WATCH: Dayton Children’s answers questions about COVID vaccine for ages 12-15

A Dayton Children’s Hospital specialist addressed frequently asked questions about the Pfizer coronavirus vaccine after the Food and Drug Administration’s recent authorization for the shot to be administered to kids ages 12-15.

Dr. Sherman Alter, a pediatric infectious disease specialist, discussed the vaccine’s effectiveness in children, possible side effects and what he’d recommend for parents considering having their children vaccinated.

The full video is available here:

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The FDA announced Monday it had approved the Pfizer vaccine for ages 12-15. On Wednesday, the Advisory Committee on Immunization Practices and the Centers for Disease Control and Prevention is expected to give its recommendation, according to the Associated Press.

Pfizer, which requires two doses, is the only vaccine authorized for people ages 16 and 17 in the country. Both the Moderna and Johnson & Johnson vaccines are authorized for people ages 18 and older.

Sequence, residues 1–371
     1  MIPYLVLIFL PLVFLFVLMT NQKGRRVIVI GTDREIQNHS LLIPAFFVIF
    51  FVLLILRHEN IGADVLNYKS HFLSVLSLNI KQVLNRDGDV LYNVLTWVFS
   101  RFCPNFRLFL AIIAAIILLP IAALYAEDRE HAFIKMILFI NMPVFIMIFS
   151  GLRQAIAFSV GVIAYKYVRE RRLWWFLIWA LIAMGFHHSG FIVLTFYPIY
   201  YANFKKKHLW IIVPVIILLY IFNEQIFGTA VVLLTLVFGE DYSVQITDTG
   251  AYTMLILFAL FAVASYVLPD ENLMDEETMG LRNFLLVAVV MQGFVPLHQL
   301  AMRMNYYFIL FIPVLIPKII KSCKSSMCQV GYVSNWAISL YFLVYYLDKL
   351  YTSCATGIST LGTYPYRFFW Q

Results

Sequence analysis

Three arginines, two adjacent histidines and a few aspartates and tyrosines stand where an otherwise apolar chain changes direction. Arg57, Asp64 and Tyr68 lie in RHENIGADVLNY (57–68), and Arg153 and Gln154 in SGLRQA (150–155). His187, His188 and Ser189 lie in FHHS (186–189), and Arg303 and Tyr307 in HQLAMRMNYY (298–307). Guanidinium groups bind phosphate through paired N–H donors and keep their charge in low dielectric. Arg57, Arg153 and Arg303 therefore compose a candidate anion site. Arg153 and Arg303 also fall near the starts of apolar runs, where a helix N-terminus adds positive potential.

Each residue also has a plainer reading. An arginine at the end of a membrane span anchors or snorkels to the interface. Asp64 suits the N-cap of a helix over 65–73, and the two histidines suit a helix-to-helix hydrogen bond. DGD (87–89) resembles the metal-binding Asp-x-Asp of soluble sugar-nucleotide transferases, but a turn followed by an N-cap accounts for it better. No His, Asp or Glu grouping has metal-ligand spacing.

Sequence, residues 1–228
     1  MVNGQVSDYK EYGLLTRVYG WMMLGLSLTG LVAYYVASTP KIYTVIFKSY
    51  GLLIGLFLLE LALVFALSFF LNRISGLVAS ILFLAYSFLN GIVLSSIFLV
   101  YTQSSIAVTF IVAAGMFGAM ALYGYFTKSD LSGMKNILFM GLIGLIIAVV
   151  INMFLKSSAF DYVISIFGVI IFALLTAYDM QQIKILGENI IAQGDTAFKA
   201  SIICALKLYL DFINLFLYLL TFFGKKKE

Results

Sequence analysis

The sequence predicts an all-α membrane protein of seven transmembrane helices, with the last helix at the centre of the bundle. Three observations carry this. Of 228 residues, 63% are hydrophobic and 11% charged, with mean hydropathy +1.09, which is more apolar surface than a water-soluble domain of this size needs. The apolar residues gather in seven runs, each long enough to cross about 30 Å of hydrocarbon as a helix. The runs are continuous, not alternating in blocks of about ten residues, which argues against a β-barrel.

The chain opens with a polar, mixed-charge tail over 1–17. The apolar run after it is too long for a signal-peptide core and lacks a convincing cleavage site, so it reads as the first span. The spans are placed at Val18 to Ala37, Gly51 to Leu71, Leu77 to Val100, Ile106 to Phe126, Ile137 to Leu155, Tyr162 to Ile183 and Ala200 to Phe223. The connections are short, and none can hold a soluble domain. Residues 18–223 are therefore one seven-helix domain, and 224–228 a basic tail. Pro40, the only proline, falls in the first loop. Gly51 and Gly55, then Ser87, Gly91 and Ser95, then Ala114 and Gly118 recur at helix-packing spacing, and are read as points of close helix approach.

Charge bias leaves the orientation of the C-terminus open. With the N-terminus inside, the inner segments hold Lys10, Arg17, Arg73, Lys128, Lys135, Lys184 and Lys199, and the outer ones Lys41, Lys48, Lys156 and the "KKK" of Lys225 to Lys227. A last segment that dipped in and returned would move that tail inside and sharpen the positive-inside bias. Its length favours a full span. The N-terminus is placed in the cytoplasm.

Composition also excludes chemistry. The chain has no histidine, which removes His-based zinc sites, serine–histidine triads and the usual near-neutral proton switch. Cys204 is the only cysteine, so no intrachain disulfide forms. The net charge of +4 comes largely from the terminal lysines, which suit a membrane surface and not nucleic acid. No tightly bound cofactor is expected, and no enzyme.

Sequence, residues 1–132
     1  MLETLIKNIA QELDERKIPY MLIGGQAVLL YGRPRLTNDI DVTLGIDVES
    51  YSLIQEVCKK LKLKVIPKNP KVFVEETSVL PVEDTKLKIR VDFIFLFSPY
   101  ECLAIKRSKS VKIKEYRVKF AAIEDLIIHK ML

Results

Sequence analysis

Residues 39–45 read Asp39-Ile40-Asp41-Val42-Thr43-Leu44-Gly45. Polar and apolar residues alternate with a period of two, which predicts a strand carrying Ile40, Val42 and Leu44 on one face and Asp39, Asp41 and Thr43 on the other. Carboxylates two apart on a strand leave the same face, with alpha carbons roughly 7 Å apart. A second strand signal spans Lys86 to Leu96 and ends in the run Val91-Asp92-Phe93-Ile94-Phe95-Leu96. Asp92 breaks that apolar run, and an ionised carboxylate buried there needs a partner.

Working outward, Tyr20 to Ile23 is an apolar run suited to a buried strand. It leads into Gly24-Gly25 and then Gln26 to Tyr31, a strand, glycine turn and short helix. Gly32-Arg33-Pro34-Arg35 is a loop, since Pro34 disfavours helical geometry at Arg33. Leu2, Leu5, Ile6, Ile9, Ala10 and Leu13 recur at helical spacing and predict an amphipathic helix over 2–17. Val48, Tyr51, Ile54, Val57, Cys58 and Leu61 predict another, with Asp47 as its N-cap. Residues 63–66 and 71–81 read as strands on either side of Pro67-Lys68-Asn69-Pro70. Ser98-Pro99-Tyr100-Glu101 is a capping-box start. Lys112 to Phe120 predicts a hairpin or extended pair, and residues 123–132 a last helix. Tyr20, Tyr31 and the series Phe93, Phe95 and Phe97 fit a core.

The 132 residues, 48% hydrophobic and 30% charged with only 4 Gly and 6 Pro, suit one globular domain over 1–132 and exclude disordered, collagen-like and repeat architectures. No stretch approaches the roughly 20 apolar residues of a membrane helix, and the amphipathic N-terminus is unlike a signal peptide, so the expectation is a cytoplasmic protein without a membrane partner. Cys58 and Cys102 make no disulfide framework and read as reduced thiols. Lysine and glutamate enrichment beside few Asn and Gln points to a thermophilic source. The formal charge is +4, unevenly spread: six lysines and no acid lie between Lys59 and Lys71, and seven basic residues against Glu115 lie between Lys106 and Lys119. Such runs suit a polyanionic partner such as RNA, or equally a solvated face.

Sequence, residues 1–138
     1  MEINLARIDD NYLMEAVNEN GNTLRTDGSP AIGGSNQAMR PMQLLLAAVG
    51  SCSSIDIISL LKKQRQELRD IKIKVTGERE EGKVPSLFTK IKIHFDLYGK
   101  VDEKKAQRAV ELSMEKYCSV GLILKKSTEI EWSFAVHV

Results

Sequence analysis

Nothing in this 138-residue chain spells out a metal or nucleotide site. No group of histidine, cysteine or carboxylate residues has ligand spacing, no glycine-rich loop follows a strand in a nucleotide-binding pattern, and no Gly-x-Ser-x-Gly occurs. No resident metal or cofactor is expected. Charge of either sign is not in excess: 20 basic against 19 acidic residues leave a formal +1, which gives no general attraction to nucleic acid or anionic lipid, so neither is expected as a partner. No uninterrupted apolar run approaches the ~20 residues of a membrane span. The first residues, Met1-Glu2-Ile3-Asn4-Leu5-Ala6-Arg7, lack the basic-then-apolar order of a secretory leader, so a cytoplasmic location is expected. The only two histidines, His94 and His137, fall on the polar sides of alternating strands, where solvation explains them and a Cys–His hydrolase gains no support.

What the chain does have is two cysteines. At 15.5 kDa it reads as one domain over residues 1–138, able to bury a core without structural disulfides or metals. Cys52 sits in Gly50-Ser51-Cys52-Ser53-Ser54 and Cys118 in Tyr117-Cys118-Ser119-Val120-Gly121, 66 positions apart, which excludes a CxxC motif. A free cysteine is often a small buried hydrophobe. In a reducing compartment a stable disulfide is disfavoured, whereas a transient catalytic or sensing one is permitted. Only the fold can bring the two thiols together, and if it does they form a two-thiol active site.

While children haven’t gotten as sick as others from the virus, getting kids vaccinated will help open up the number of things people are comfortable doing, Alter said.

“The way we’re really going to control this pandemic is to vaccinate a higher number of individuals, including children,” he said. “While it generally is a milder illness, there are very sick kids that can pop up.”

If kids are up-to-date on their immunizations, the coronavirus vaccine shouldn’t impact other vaccines, he added.

Adults who received the coronavirus vaccine may have experienced some mild side effects, including a sore arm, slight fever or headache.

ExplorePfizer COVID-19 shot expanded to US children as young as 12

“The data so far shows it’s the same thing in that 12 to 15 age group,” Alter said.

As a grandfather, he said he has “no questions” that his grandkids will get the vaccine.

“The way a parent or grandparents approaches this is that everything we do in medicine, including vaccines, is a risk versus a benefit,” Alter said. “The risk of this vaccine, of an adverse side effect, is so minimal compared to the benefit of preventing a potentially serious and/or life-threatening disease. To me the vaccine wins out always.”

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